Different degrees of chemical peels can affect deeper layers of skin. A “deep” chemical peel can have more dramatic results but takes longer to recover from. Depending on the severity of your hyperpigmentation, you may opt for a lighter chemical peel, which can be repeated every 2 to 5 weeks as necessary.5
Laser and Light Therapies: Precision in Treating Hyperpigmentation
According to the American Academy of Dermatology Association, laser skin resurfacing and light treatments can be effective for patients already applying medication and protecting their skin from the sun.3
For the treatment of age spots or sun spots, laser treatment or cryotherapy might be the best approach, as hydroquinone has been shown to be ineffective.2
That said, laser resurfacing therapy is still somewhat controversial for addressing hyperpigmentation, as topical medications are cheaper, of greater or equal efficacy, and have a more documented history of success. Therefore, laser and light therapy is generally only recommended when topicals and chemical peels are ineffective on skin discoloration.6
Microdermabrasion and Microneedling: Procedures for Smoother Skin
Microdermabrasion is an epidermal procedure where a dermatologist uses a drill-like tool fitted with a wire brush to lightly and rapidly remove the outermost layer of skin.7
Microneedling is a similar but slightly nuanced procedure in which tiny sterilized needles create micro-punctures in the skin to reduce the appearance of scars and dark spots and improve skin elasticity.8
In comparison to laser therapy, microneedling is less expensive and may be safer for darker skin tones. Microdermabrasion may require multiple sessions to achieve the desired result, but it works well on superficial scars and is known to work well for fairer skin tones.
Combination Approaches: Customized Treatment Plans
There may not be a single ideal solution to cure your case of hyperpigmentation. Even promising treatments can have adverse side effects or long recovery times, forcing patients to try other combinations of methods.
Sometimes, a more effective plan can combine treatment methods to create a custom strategy that works best for the individual’s skin type and medical history. For example, topical medicines are usually the first go-to for hyperpigmentation—but they can also cause the adverse effects of skin irritation and peeling.9 And while chemical peels have proved effective, they are relatively expensive.
Ask your dermatologist which combination of treatments would work best for your skin. No one’s skin conditions are the same, and no treatment presents a one-size-fits-all solution for hyperpigmentation.
Preventive Measures: Sunscreen and Daily Skincare
The best treatment for pigmentation on the face? Prevention.
It isn’t always possible to prevent hyperpigmentation. For example, in the case of melasma, pregnancy is often the leading cause of the condition. However, protecting yourself from harmful solar radiation is essential to alleviate and defend against most harmful skin conditions.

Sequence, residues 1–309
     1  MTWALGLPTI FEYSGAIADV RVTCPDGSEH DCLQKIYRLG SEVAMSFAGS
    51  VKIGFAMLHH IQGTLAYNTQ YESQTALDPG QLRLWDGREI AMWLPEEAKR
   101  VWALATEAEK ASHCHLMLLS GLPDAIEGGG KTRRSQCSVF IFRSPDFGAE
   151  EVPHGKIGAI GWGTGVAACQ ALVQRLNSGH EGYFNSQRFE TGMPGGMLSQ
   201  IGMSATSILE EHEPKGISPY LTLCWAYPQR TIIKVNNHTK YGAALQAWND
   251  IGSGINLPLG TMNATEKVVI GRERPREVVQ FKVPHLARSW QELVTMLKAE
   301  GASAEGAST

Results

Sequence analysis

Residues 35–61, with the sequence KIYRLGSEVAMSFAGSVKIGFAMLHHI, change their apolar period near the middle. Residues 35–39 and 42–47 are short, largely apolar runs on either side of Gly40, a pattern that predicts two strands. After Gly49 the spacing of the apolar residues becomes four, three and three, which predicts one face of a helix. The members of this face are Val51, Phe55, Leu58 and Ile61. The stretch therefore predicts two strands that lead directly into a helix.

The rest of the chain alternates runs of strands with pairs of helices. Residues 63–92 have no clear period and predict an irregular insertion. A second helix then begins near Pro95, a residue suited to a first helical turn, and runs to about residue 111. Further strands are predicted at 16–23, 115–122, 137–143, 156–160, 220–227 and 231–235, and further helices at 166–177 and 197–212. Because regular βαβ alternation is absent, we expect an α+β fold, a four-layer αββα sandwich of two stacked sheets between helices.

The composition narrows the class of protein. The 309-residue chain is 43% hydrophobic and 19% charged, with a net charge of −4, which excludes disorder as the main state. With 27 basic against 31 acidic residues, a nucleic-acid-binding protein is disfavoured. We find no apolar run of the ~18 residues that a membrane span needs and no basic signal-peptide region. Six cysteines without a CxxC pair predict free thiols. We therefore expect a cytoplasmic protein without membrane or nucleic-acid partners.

Help to prevent hyperpigmentation and keep your skin even and clear by utilizing sunscreen and healthy skincare practices. Dermatologists recommend broad-spectrum sunscreens of at least SPF 30. Give your skin some extra protection by seeking shade, wearing a wide-brimmed hat, and avoiding the sun during the time of day when it’s strongest.3
Opting for a mineral sunscreen instead of a chemical-based sunscreen can also be beneficial if you have hyperpigmentation. Mineral-based sunscreens containing zinc oxide, titanium dioxide, and iron oxide are ideal for those with sensitive skin. Plus, the heat dissipation of chemical sunscreens can reportedly exacerbate melasma.10
Protect and Heal Your Skin with Science-Backed Solutions from CLEARSTEM
If you’re dealing with one of the forms of hyperpigmentation, you need skincare products designed with your complexion in mind. CLEARSTEM designs serums, supplements, and kits that are safe for protecting and nourishing all skin types, including those with hyperpigmentation.
For melasma and other types of hyperpigmentation, check out our skincare for dark spots and melasma line to restore your confidence in your skin. The award-winning gentle yet powerful exfoliating serum CLEARITY can help revitalize your skin to be brighter, smoother, and clearer.
Do you have acne-prone skin along with hyperpigmentation? CLEARSTEM can help. Explore our skincare for acne-prone skin and hormonal acne supplement, MINDBODYSKIN. Don’t wait to treat your skin to the ingredients it needs. Rejuvenate your complexion from CLEARSTEM today to enjoy happier and healthier skin tomorrow.
- Medical News Today. What to know about hyperpigmentation. https://www.medicalnewstoday.com/articles/323808
- Merck Manual. Hyperpigmentation. https://www.merckmanuals.com/professional/dermatologic-disorders/pigmentation-disorders/hyperpigmentation
- American Academy of Dermatology Association. Melasma: Causes. https://www.aad.org/public/diseases/a-z/melasma-causes
- The Journal of Clinical and Aesthetic Dermatology. Postinflammatory Hyperpigmentation. https://www.ncbi.nlm.nih.gov/pmc/articles/PMC2921758/
- Mayo Clinic. Chemical peel. https://www.mayoclinic.org/tests-procedures/chemical-peel/about/pac-20393473
- National Library of Medicine. Lasers for Treatment of Melasma and Post-Inflammatory Hyperpigmentation. https://www.ncbi.nlm.nih.gov/pmc/articles/PMC3461803/
- Healthline. 8 Treatment Options for Hyperpigmentation.https://www.healthline.com/health/beauty-skin-care/hyperpigmentation-treatment#microdermabrasion
- Healthline. Microneedling: Collagen Induction Therapy. https://www.healthline.com/health/microneedling
- Wiley Online Library. Management of hyperpigmentation: Current treatments and emerging therapies. https://onlinelibrary.wiley.com/doi/full/10.1111/pcmr.12986
- Everyday Health. The Difference Between Chemical and Mineral Sunscreen.https://www.everydayhealth.com/skin-beauty/chemical-vs-mineral-sunscreen-whats-difference/